Children and Adolescents
The annual prevalence of mental disorders in children and adolescents is not as well documented as that for adults. About 20 percent of children are estimated to have mental disorders with at least mild functional impairment (see Table 2-7). Federal regulations also define a sub-population of children and adolescents with more severe functional limitations, known as serious emotional disturbance (SED).4 Children and adolescents with SED number approximately 5 to 9 percent of children ages 9 to 17 (Friedman et al., 1996b).
*Numbers in parentheses indicate the prevalence of the disorder without any comorbidity. These rates were calculated using the NCS data for GAD and PTSD, and the ECA data for OCD. The rates were not used in calculating the any anxiety disorder and any disorder totals for the ECA and NCS columns. The unduplicated GAD and PTSD rates were added to the best estimate total for any anxiety disorder (3.3%) and any disorder (1.5%).
**In developing best-estimate 1-year prevalence rates from the two studies, a conservative procedure was followed that had previously been used in an independent scientific analysis comparing these two data sets (Andrews, 1995). For any mood disorder and any anxiety disorder, the lower estimate of the two surveys was selected, which for these data was the ECA. The best estimate rates for the individual mood and anxiety disorders were then chosen from the ECA only, in order to maintain the relationships between the individual disorders. For other disorders that were not covered in both surveys, the available estimate was used.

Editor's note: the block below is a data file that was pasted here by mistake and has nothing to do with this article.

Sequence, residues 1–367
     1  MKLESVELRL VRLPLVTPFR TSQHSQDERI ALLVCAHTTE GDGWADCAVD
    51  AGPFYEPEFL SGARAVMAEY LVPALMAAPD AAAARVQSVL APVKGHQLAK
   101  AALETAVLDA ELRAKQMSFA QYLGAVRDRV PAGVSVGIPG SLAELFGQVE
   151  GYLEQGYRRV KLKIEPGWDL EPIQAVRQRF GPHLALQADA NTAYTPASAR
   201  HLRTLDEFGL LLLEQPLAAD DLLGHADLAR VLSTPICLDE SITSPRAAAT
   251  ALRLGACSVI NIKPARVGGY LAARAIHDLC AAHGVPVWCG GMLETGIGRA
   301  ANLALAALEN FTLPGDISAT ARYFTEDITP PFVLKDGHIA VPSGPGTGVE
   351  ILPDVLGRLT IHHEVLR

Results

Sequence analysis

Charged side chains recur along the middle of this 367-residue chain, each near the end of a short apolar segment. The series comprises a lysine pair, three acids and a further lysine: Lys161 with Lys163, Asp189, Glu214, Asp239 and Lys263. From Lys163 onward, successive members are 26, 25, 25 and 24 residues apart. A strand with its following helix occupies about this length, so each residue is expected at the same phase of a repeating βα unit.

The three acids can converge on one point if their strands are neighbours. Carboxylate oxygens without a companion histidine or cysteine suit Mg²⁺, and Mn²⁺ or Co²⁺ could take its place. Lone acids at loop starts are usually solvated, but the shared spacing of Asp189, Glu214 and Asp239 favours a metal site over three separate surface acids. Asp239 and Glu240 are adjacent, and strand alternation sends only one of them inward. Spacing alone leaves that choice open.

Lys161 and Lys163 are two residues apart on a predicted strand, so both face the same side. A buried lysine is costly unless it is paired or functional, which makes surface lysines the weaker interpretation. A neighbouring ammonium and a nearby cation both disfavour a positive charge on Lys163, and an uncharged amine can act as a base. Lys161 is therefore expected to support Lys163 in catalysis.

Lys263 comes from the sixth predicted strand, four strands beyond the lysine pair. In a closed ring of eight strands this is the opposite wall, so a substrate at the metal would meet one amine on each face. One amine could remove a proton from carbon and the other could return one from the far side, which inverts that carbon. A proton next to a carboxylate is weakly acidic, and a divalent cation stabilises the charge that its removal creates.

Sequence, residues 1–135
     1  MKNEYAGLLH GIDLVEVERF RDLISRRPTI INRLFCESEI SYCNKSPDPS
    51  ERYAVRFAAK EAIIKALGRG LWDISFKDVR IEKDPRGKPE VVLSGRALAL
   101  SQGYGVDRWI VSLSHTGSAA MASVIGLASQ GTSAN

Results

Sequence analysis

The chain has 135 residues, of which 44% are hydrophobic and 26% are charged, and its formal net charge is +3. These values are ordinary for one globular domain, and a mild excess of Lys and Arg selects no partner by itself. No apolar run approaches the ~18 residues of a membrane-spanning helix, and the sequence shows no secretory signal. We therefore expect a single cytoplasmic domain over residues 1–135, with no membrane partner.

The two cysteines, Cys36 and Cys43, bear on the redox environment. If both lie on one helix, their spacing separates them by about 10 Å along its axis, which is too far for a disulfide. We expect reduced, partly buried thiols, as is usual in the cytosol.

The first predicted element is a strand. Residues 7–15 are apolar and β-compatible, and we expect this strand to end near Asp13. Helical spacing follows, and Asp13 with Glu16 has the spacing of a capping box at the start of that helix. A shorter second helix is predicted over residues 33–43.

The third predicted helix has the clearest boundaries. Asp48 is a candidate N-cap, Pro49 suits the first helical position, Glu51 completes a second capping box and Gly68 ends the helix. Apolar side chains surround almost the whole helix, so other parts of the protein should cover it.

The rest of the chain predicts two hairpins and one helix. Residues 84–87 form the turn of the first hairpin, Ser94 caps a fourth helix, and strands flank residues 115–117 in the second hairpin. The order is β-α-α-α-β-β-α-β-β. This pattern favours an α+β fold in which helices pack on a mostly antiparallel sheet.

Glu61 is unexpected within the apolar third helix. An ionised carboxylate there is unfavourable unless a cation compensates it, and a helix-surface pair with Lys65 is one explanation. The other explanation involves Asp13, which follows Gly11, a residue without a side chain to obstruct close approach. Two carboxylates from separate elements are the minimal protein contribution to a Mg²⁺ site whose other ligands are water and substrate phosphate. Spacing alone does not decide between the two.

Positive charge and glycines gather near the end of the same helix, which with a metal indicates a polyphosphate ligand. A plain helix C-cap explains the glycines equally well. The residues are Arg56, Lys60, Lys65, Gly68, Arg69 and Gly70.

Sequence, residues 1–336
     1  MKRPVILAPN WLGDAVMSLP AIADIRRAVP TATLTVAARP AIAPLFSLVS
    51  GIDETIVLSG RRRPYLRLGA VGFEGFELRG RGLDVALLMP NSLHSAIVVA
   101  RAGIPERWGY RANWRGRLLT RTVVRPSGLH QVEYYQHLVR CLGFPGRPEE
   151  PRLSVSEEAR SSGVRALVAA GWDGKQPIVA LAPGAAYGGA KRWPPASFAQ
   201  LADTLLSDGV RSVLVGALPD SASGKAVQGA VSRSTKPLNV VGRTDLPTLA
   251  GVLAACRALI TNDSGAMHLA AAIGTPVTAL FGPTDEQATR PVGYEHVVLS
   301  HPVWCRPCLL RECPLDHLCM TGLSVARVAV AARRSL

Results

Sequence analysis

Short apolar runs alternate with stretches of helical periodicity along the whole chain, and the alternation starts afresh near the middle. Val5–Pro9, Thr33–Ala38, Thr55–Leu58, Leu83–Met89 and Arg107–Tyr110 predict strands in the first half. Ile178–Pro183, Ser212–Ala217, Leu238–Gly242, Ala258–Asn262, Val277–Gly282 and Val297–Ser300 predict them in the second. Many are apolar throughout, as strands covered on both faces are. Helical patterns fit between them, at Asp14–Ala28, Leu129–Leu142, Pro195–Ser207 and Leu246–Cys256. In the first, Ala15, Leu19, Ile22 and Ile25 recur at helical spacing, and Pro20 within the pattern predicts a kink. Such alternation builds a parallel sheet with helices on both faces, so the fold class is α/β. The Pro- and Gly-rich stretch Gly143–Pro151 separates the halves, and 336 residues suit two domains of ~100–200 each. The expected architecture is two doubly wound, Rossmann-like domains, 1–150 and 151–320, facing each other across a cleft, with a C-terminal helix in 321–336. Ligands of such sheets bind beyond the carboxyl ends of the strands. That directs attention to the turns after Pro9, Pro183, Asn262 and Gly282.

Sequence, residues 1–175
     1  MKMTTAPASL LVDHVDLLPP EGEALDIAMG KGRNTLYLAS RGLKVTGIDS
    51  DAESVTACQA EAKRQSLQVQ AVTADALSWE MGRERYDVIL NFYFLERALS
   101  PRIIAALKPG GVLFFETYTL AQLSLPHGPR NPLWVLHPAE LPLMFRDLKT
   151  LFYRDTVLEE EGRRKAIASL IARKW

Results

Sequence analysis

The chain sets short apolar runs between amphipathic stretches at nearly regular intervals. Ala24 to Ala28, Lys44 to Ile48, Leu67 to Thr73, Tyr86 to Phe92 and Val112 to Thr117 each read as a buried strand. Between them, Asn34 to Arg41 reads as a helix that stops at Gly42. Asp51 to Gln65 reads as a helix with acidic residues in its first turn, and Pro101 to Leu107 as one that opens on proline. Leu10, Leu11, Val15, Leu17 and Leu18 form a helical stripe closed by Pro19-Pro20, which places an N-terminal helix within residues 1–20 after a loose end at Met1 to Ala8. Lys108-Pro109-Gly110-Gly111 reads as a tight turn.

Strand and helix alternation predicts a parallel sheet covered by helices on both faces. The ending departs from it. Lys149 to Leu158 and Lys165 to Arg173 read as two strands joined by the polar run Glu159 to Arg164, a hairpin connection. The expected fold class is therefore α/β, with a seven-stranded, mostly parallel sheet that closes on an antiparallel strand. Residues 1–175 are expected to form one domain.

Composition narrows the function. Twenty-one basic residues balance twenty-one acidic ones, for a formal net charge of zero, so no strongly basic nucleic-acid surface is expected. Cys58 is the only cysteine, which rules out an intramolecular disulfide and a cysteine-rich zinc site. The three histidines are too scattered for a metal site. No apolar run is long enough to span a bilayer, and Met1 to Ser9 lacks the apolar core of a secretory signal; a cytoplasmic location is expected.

Key to abbreviations: ECA, Epidemiologic Catchment Area; NCS, National Comorbidity Study; GAD, generalized anxiety disorder; OCD, obsessive-compulsive disorder; PTSD, post-traumatic stress disorder; MD, major depression; ASP, antisocial personality disorder.
Source: D. Regier, W. Narrow, & D. Rae, personal communication, 1999
Table 2-7. Children and adolescents ages 9 to 17 with mental or addictive disorders,* combined MECA sample
* Disorders include diagnosis-specific impairment and Child Global Assessment Scale <or=70 (mild global impairment).
Source: Shaffer et al., 1996
Not all mental disorders identified in childhood and adolescence persist into adulthood, even though the prevalence of mental disorders in children and adolescents is about the same as that for adults (i.e., about 20 percent of each age population). While some disorders do continue into adulthood, a substantial fraction of children and adolescents recover or grow out of a disorder, whereas, a substantial fraction of adults develops mental disorders in adulthood. In short, the nature and distribution of mental disorders in young people are somewhat different from those of adults.